Obama’s challengeIn spite of her notions about a conspiracy, Hillary R. Clinton has not lost sight of herself, her role or her goals. In 2001 she became senator of New York. She acquired a reputation of being willing to work with Democrats and Republicans. In spite of being labeled a liberal, Hillary has voted for moderate/conservative causes like the war in Iraq.
When some wondered if Hillary would remain married to Bill, one of the unstated reasons for staying with her husband was she never lost sight of her goal to be president! Now, America’s most controversial first lady since Eleanor Roosevelt has her sights set on the highest elective office. How the vote turns out will determine whether or not this country wants to be governed by an Alpha-type, middle class White female in the person of Hillary Rodham Clinton.
Barrack Hussein Obama, who has a Black African father and a middle class White mother from Kansas, represents a new type of African-American leader on the national scene. For the first time since the early 20th century, Black men who were not involved in the Civil Rights Movement are making their presence felt on America’s political scene. Though men like Sen. Obama usually acknowledge the contributions of people like Jessie Jackson and Martin Luther King Jr., they feel advancements in race relations can be accomplished through bargaining and negotiation.
This often puts them at odds with those who believe in using confrontation to achieve racial equality in America. Unlike Black men whose lives have been scarred by drugs, violence and crime Obama represents African-American men who used education and other assets to achieve personal goals. In spite of his achievements, Obama faces hidden challenges that may stop him from being America’s first Black president.
One challenge focuses on this question. Does the United States of America see herself being governed by a Black man? This question is important, because millions in America associate power with White males. However, Obama and his supporters believe that power in America has no color. These problems could be expected if all of Obama’s doubters came from Whites. However, many African Americans question his candidacy. They feel an Obama candidacy will ensure the Republicans will keep the White House. Others question his experience, while some simply believe a man like Obama cannot be trusted with power.
Another challenge focuses on is Obama rooted enough in the Black experience to be called a legitimate Black leader? This question is important because Obama is an African America whose life has not been haunted by the damaging effects of race. He also represents a generational divide in Black America because many in his generation have no firsthand experience with issues that produced the Civil Rights Movement.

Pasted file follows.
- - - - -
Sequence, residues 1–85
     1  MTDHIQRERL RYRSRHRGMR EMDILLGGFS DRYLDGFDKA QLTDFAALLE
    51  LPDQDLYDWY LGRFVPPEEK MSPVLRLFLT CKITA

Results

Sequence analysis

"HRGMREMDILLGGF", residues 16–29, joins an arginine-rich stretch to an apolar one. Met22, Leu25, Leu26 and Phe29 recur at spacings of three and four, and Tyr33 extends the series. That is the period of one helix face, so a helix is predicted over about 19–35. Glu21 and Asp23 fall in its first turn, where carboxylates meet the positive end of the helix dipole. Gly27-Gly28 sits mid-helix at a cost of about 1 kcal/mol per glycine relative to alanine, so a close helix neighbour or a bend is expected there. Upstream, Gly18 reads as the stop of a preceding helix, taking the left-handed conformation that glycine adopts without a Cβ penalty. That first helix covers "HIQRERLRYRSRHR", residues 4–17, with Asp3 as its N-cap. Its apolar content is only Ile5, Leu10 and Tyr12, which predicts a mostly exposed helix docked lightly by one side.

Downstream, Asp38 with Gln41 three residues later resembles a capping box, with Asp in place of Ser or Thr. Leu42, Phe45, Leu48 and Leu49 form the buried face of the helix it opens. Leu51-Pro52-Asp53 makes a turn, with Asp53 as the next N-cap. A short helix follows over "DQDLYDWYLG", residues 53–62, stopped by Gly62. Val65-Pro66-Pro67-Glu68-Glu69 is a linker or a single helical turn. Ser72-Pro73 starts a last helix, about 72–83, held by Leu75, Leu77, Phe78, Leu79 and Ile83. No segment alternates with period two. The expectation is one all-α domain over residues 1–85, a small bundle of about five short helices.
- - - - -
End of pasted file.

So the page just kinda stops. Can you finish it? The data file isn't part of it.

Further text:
Members of Obama’s generation are too young to remember the Civil Rights Movement. Though they might have had experience with racial profiling, they often have no knowledge of Jim Crow laws, segregation or the Klan. Though they may acknowledge Civil Rights pioneers like Dr. King and Andrew Young, they often see these people as images of a past that has no relevance to them.
Obama represents a generation of African Americans who were allowed the opportunity to integrate into American culture. If Obama wins the White House, he can be a standard bearer for Black America, while representing all of America.
Can Barack H. Obama be a president for all Americans? This is a crucial question because America has never allowed African-American males the trappings, strengths, privileges associated with power. Often America punishes Black men who acquire anything remotely associated with power.
The power and popularity associated with men like Medgar Evers and Dr. King contributed to their violent and untimely deaths. I remember Patrick Buchanan suggesting that Colin Powell would face challenges if he made an effort to seek the Republican presidential nomination in 1996. While some argue that Obama is not Black enough, others believe that if he wants to be president he has to stay away from so-called Black issues.
The greatest challenge faced by Obama is this: Has America become colorblind as it relates to acquiring political power or is it a country that still believes race, not qualifications, determines who gets the reins of power? The question will play a profound role in determining whether or not Barack Hussein Obama becomes the first genuine Black president.